In the above scenario, company 2 (the operating company) is liable for any legal action brought against them in the course of daily operations. However, because company 1 (the holding company) holds all the assets, these assets are protected. Company 2 can dissolve if legal action is brought against it, without any risk to the actual important assets of the business. Company 1 can then just incorporate a new operating company (company 3) and start again.
Hold your shares through a discretionary trust
To take things a step further for the purpose of personal asset protection, company founders should also consider if a trust suits their financial needs. It’s a smart idea, because although a trust is for a founder, personal circumstances can also impact the startup. For example, if a founder defaults on their mortgage or gets sued for any reason, they could end up in bankruptcy. In such an event, any shares in the startup which the founder owns could be sold as part of the bankruptcy process. Losing the founder and potentially getting a stranger as a new major shareholder would not be a good outcome for the other founders or the startup itself.
How does a trust work?
The most common asset protection structure is achieved by setting up a trust. Generally, the main reason someone sets up a trust is to protect assets from creditors, but a trust may also provide more flexibility with taxation for founders. A discretionary trust is often the most advantageous structure for personal asset protection.
- What is a discretionary trust?
A discretionary trust is a trust which allows the trustee to allocate the trust property (the contents of the trust) to the beneficiaries in whichever way they desire. It’s called a discretionary trust because the trust is distributed at the discretion of the trustee. In this type of trust, you (as the trustee) could decide to pay 10% of dividends to one beneficiary and 90% to another. This setup method is flexible and particularly useful when you need to consider an uneven split between beneficiaries that may change in the future.
A trust is an effective method of asset protection, but trust setup can also be a tricky thing to get right. Standard trust packages often don’t cover many individual requirements, which can lead to problems down the line. Setting up a trust should always include getting legal advice before proceeding.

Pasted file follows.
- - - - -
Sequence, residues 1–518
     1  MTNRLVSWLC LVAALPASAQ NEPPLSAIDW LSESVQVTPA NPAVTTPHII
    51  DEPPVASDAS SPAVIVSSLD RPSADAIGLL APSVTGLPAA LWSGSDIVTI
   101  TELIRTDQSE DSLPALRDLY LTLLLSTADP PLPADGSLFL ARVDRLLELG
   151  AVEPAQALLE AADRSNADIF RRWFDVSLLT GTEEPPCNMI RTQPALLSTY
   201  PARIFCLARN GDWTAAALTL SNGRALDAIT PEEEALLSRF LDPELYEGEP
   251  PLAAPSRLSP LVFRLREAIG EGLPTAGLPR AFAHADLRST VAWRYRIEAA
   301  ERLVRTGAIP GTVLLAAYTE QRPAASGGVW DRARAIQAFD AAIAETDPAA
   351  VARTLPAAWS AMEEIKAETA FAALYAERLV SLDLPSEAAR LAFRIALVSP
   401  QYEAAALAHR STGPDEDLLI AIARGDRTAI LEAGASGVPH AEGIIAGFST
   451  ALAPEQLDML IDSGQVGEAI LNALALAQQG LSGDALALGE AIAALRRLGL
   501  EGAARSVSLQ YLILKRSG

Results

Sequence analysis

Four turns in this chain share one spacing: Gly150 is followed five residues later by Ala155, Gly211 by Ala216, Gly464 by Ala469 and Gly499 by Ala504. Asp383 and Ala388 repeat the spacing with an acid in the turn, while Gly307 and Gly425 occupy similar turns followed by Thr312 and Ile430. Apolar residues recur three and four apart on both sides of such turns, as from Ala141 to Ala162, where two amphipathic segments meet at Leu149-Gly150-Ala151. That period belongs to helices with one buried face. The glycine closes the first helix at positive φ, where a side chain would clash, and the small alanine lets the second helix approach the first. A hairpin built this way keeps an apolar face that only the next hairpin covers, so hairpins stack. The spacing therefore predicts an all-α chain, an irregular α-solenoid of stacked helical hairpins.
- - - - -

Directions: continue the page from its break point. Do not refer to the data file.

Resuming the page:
Take, for example, the case of Lauren and Julie. Lauren owns a small company, and she’s been married to Julie for five years. Because Lauren is making a substantial salary as CEO, but Julie is currently working part-time as she completes her Ph.D., Lauren wants to pay dividends to Julie to so that less tax is paid on the dividend. In this instance, she would need to set up a trust, issue shares to the trust, make Julie a beneficiary of the trust, and then pay out those dividends to Julie.
Sounds easy, right? But in reality, Lauren must comply with multiple tax considerations, a considerable amount of structuring, and stringent legislation. It would be easy to set up the trust incorrectly and lose all tax opportunities.
With many options and variables, it’s recommended to obtain legal advice on setting up a trust that best suits your needs. A trust should always be tailored to specific circumstances.
Asset protection is an integral part of running a business and protecting your financial future. A holding company is often the most efficient way to put this into place, but setup can be difficult and complex. If you’re also considering a trust, be aware that a trust often needs to be customised to very specific circumstances. For this reason, it’s always recommended to have a legal professional assist with asset protection setup.
UX Law can help you create your business structure and set you up to appropriately protect your financial assets.